Fire Socks went to work, coaxing T up the slope she’d slipped down most recently.
Hot Hands, Bright Side and Danish arrived and immediately picked up on the gravity of the situation. Together with T-Pain, we brought up the rear as Fire Socks led the way up the snowy trail with T and K in tow.
Over the next four hours, my trail family members each stepped up in different ways. Danish hiked ahead at a blazing pace to secure campsites for us all. T-Pain and Foot Juice carried T’s pack (which we essentially had to pry off her back, because she kept threatening to set up camp alone in unsafe locations). Fire Socks participated in a sing along to cheer Carjack (Fire Socks hates sing alongs) and kept up a continuous stream of lighthearted banter to take T’s mind off the pain in her leg and the nausea that seemed to get stronger as dusk arrived. Carjack led K to camp because he was able to hike at a faster pace than T. Hot Hands carried our tents ahead to camp, where Casper and Danish set them up in anticipation of our late arrival. Brightside hung back with Fire Socks and me, and the three of us walked and talked with T all the way to camp, stopping every 200 yards or so when nausea and pain threatened to overcome T.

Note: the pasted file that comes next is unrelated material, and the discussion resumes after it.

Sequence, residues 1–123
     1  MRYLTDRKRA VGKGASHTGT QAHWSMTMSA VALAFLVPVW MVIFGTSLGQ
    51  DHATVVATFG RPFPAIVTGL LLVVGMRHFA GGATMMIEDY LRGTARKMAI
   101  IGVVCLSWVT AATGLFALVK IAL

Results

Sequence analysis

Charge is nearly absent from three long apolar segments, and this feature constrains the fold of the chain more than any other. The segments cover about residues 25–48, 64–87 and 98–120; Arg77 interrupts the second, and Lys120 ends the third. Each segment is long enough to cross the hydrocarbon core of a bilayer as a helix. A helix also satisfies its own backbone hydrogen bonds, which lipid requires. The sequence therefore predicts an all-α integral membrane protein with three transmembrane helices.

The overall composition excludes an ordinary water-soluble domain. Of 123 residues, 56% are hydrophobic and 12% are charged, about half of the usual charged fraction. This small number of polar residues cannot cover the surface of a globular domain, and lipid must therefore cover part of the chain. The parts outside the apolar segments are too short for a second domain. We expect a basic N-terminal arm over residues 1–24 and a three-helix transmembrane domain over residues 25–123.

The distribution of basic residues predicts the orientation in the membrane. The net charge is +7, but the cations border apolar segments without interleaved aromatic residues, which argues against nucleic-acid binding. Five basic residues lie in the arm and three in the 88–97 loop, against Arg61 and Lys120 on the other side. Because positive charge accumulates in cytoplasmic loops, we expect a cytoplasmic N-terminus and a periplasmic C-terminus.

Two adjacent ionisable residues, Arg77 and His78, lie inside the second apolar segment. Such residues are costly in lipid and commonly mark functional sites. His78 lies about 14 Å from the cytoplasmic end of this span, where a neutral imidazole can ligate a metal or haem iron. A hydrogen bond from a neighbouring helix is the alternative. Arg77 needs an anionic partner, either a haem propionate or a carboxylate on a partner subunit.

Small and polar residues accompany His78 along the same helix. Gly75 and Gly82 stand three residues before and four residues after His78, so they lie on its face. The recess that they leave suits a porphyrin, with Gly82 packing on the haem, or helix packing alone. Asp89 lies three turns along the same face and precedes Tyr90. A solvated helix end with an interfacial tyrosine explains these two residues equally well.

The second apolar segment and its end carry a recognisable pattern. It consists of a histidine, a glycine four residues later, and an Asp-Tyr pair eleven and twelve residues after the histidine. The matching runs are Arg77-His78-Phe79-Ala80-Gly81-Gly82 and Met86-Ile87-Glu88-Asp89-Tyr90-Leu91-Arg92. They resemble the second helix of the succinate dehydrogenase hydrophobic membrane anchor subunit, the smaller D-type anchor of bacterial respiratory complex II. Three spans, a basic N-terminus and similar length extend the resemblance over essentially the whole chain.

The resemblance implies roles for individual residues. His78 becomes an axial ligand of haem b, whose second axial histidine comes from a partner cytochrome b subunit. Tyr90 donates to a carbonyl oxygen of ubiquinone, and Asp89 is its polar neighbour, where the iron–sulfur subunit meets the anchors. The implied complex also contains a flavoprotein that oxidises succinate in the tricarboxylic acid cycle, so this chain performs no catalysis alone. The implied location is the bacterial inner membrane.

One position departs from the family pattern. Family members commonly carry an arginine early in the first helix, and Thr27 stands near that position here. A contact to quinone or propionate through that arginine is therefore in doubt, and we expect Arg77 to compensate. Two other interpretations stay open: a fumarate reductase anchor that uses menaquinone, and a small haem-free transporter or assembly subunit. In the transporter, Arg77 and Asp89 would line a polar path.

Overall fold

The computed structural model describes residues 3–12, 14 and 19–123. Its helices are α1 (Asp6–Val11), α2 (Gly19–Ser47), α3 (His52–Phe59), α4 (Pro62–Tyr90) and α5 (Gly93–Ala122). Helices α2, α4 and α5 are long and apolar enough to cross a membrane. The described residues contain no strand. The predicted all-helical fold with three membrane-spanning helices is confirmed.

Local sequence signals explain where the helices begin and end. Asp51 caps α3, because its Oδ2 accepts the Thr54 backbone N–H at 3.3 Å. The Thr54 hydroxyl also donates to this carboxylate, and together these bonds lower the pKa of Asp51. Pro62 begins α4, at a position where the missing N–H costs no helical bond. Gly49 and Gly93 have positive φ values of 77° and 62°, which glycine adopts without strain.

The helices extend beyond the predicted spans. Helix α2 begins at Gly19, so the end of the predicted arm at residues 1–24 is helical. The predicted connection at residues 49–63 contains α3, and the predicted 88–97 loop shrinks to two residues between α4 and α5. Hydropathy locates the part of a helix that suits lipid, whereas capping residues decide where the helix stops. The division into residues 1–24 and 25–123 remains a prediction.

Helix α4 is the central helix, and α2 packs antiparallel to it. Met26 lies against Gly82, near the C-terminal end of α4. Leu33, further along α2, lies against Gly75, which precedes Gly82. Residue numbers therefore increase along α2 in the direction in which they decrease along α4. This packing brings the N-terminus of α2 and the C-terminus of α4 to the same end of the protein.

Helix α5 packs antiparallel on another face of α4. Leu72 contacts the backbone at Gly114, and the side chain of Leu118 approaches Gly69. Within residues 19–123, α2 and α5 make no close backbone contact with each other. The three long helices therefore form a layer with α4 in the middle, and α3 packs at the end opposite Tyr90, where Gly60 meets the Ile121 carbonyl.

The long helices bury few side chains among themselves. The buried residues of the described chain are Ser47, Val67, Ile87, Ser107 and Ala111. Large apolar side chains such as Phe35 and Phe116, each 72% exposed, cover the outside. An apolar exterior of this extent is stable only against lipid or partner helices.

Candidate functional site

We arrived at 8pm, 12 hours after leaving the trailhead that morning, and 6 hours after encountering T and K.
Fire Socks walked T the final quarter mile into camp while Bright Side and I stopped at a spring to filter water for the group. In camp, Danish had set up T’s tent and sleeping bag, so she was able to sleep immediately. A nurse carrying a well-stocked first aid kit cleaned and dressed K’s hand more thoroughly.
All my trail family members hugged me when I came into camp, and Carjack, Foot Juice and I looked at one another and shook our heads.